Domestic violence

Domestic violence against ethnic Azerbaijani girls who do not have the right to say a word to their parents about their education or personal happiness often continues in the house of their husbands. When they try to protest, their lives can be in danger.

Twenty-year-old Gunay Isayeva, a resident of the village of Ponichala, was killed in 2016 because she wanted to leave her husband. He cut her throat in front of her two children.

Gunay was abducted by her husband when she was 13. Although he threatened to kill her when she left for her grandmother’s house, her relatives did not call the police or take any precautions.

Gunay’s husband, Novraz Aliyev, was sentenced to 11 years in prison.

Another resident of Ponichala, 26-year-old Zarifa (not her real name), says that since getting married eight years ago, her husband has beaten her almost every day.

‘Recently he hit my head with his fist so badly that I’ve been in pain for days, blood has accumulated in my eyes, and my vision has deteriorated. I’m embarrassed to wear clothes with short sleeves in the summertime because there is no place left on my arms without bruises. But now all my relatives and neighbours know about this, so they don’t ask me when they see bruises on my face or body. My condition has become usual both for me and for them’, says Zarifa.

She says that there are women in the village who have addressed the police about their husbands’ violence, but since there are no serious interventions, this often works against the women.

‘You address the police to get any solution. But they just come and have “preventive conversations” with the husband and then leave. They never send female police officers so that we could explain our problem to her better. Gunay was a victim of this indifference. And perhaps tomorrow I will be the victim…’ says Zarifa.

Relatives of a schoolgirl abducted in Ponichala in February 2017 blocked off the nearby Tbilisi–Rustavi road for several hours protesting that their application to the police had not been accepted for three days.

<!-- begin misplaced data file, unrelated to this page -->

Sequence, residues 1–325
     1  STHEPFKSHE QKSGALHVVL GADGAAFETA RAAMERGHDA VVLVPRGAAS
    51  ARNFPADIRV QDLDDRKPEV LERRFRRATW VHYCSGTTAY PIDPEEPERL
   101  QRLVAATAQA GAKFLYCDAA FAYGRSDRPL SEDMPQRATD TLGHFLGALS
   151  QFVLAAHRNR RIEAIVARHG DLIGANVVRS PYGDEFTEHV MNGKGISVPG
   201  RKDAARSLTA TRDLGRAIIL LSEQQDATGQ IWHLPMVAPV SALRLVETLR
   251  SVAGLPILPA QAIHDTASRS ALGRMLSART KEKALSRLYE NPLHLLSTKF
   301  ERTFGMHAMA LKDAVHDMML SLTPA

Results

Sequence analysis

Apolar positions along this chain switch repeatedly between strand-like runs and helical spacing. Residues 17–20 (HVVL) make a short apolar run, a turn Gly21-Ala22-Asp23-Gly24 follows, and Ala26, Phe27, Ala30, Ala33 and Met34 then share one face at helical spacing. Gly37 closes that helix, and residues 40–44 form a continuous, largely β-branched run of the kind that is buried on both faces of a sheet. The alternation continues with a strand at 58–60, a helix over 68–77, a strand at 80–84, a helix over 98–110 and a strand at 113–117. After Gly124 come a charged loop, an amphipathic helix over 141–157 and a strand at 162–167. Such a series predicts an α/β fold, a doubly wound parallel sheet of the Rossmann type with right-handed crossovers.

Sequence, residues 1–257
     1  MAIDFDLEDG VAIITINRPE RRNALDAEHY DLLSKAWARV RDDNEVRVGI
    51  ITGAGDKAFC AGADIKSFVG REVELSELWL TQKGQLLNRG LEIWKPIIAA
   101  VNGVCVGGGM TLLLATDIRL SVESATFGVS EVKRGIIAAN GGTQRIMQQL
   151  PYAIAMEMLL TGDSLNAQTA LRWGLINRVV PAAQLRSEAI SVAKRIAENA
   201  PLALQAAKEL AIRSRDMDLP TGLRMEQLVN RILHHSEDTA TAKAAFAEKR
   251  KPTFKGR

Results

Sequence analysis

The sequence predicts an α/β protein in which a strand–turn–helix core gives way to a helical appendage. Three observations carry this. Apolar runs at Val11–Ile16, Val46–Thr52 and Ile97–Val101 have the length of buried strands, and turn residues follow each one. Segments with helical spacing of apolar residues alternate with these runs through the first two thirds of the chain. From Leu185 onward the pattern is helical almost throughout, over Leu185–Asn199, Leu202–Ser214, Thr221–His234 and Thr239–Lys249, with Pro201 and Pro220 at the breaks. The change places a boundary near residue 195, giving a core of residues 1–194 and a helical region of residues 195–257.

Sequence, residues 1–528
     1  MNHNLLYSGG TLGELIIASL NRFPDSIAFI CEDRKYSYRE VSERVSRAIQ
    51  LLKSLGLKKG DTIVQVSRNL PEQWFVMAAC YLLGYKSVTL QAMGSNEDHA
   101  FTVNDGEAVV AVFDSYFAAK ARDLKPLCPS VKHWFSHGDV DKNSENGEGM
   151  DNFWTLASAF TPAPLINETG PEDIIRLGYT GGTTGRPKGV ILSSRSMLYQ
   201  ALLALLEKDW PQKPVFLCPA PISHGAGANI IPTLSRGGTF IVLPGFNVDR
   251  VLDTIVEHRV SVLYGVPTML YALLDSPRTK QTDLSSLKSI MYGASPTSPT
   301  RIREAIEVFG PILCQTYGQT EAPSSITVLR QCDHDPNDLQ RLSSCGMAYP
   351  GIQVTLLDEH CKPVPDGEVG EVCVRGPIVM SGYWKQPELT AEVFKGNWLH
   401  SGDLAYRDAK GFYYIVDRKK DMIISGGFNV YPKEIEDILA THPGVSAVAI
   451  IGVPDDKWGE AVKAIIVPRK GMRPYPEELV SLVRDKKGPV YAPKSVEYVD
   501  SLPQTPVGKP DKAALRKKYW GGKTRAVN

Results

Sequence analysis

Tightening laws but what about implementation?

Ana Arganashvili, a spokesperson for local rights group the Partnership for Human Rights, believes that the main barrier to tackling domestic violence in Georgia is that law enforcement agencies are not sensitive to the issue and there is no specific state policy to protect victims from potential risks.

‘In situations involving violence and murder, the state and the police have the same obligation to protect the lives of everyone. Obviously, domestic violence is secretive, and sometimes victims do not complain about it, being afraid of the person who commits the violence, or they may withdraw their complaint’, says Arganashvili.

‘For this reason, the police must show special sensitivity and take all necessary measures to prevent a possible crime. At present, Georgian police treat domestic violence as any other crime and do not apply a sensitive approach.’

Arganashvili notes that after adopting the Istanbul Convention in 2017, a Council of Europe convention on preventing domestic violence, Georgia has committed serious efforts to prosecute abusers.

‘However, there are still major barriers to the prevention of violence against women and in the field of women’s empowerment’, says Arganashvili.

According to the Human Rights Department of the Ministry of Internal Affairs, which was created last year, violence against women and the timely detection of crimes connected with the early marriages of girls are among the main priorities of the agency.

The ministry told OC Media that during the first nine months of 2018, 133 criminal cases were initiated based on suspicion that an adult was ‘co-living with a juvenile’, i.e. in an unregistered marriage with a child.

These cases were initiated under three articles of the criminal code, for ‘sexual contact with minors’, ‘forced marriages’, and ‘unlawful imprisonment’. Of these, 23 were connected with the abduction of minors.